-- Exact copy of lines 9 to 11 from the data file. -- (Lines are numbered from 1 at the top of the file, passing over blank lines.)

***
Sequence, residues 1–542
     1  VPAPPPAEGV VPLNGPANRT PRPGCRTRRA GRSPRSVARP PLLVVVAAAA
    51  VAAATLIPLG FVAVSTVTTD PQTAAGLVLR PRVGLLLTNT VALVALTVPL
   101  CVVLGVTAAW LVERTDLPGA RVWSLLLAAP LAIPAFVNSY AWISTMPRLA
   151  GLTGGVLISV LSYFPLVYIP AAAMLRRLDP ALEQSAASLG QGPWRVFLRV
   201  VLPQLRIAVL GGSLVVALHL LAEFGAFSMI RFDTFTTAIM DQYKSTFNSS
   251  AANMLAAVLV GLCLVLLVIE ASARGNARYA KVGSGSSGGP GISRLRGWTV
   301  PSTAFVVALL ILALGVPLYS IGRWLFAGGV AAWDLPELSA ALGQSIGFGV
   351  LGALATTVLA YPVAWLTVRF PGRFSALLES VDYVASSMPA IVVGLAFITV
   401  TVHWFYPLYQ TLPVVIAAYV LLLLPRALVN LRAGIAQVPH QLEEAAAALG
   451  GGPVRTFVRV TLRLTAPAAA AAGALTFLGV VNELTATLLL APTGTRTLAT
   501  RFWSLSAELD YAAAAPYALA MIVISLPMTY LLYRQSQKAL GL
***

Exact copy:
   351  LGALATTVLA YPVAWLTVRF PGRFSALLES VDYVASSMPA IVVGLAFITV
   401  TVHWFYPLYQ TLPVVIAAYV LLLLPRALVN LRAGIAQVPH QLEEAAAALG
   451  GGPVRTFVRV TLRLTAPAAA AAGALTFLGV VNELTATLLL APTGTRTLAT